The opinion of the court was delivered by: McLaughlin, J.
In this suit, plaintiff David Bush brings civil rights and state tort claims arising out of his arrest for child abduction and conspiracy after allegedly attempting to take his children from the custody of his ex-wife. David Bush's arrest warrant was issued in Virginia for violations of Virginia law, but David Bush was arrested in Pennsylvania and incarcerated there before being transferred to Virginia. Plaintiff Christopher Bush, David Bush's brother and a Pennsylvania township police officer, brings civil rights and state tort claims arising from an investigation conducted by the Pennsylvania State Police into the actions he took to help his brother locate his children.
The plaintiffs brought suit against six defendants: David Bush's ex-wife, Isara Isabella Serene; two Virginia policemen, Sean Adams and Brian Russell; and three Pennsylvania state troopers, Kenneth Hill, Steven J. Ignatz, and Sergeant Tripp. Defendants Serene, Adams and Russell filed motions to dismiss, in part based on lack of personal jurisdiction. The Court granted the motions, finding no personal jurisdiction over Serene, Adams, and Russell, and dismissed the plaintiffs' claims against them.
The plaintiffs have subsequently sought through a variety of procedural methods to take an interlocutory appeal of the Court's dismissal orders. Pending before the Court are the plaintiffs' requests to certify the dismissal orders for interlocutory appeal under 28 U.S.C. § 1292(b) and to stay the remaining claims and/or transfer and consolidate them with another related case. The Court has also suggested as an alternative that the Court could enter final judgment against the dismissed defendants under Federal Rule of Civil Procedure 54(b).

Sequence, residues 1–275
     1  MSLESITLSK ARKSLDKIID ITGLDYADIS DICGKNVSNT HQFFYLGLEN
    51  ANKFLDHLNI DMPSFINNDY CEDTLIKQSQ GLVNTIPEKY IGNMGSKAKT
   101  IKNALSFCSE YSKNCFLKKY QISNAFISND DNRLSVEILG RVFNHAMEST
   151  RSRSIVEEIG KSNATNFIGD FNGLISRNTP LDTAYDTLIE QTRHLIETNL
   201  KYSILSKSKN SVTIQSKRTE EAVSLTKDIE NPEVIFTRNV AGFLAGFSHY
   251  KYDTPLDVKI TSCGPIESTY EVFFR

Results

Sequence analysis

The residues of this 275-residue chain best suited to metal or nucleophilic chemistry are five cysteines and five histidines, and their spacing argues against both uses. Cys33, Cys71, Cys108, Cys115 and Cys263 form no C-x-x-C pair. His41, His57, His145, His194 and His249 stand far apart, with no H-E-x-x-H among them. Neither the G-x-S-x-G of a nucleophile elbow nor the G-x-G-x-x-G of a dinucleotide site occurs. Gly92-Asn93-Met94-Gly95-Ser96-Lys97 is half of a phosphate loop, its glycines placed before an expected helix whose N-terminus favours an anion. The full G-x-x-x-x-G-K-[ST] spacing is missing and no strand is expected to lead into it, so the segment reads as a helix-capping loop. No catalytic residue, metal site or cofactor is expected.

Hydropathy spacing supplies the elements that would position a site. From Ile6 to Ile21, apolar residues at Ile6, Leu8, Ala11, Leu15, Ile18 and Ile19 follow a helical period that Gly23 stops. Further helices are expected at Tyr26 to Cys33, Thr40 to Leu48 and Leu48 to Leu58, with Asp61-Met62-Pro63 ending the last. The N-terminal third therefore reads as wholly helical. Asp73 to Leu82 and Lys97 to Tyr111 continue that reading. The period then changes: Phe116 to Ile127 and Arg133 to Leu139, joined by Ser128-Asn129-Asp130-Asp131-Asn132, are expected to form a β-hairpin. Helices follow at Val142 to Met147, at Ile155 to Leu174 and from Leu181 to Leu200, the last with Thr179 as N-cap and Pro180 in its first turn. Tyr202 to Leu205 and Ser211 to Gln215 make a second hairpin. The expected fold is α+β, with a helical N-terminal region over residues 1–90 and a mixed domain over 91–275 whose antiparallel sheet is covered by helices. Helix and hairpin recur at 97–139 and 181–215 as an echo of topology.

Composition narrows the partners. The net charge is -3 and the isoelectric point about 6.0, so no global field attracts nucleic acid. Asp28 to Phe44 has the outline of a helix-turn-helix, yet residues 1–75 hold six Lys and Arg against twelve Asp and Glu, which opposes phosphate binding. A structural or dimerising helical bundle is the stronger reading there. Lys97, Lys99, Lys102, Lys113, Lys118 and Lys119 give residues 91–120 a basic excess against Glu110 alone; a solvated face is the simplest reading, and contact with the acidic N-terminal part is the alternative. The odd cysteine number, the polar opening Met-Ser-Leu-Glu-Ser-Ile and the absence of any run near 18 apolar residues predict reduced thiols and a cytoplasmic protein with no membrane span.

For the reasons that follow, the Court will decline to certify the case for interlocutory appeal under § 1292(b) or enter final judgment under Rule 54(b). The Court will also decline to stay the case or transfer it to be consolidated with another pending matter. The Court will instead issue a pretrial schedule for the remaining claims in accordance with prior discussions with the parties.
In Memoranda and Orders issued November 3, 2008, and January 27, 2009, the Court granted the motions to dismiss filed by defendants Serene, Adams and Russell. The Court found that it lacked personal jurisdiction over these defendants and dismissed all claims against them. As part of its ruling, the Court denied defendants Adams and Russell's motion to sever and transfer the claims against them to the United States District Court for the Eastern District of Virginia. The Court found that, because defendant Serene had not moved to transfer her claims to Virginia and because the claims against Serene were interrelated with those against Adams and Russell, transferring the claims against Adams and Russell raised the risk of the same claims being tried in two separate jurisdictions.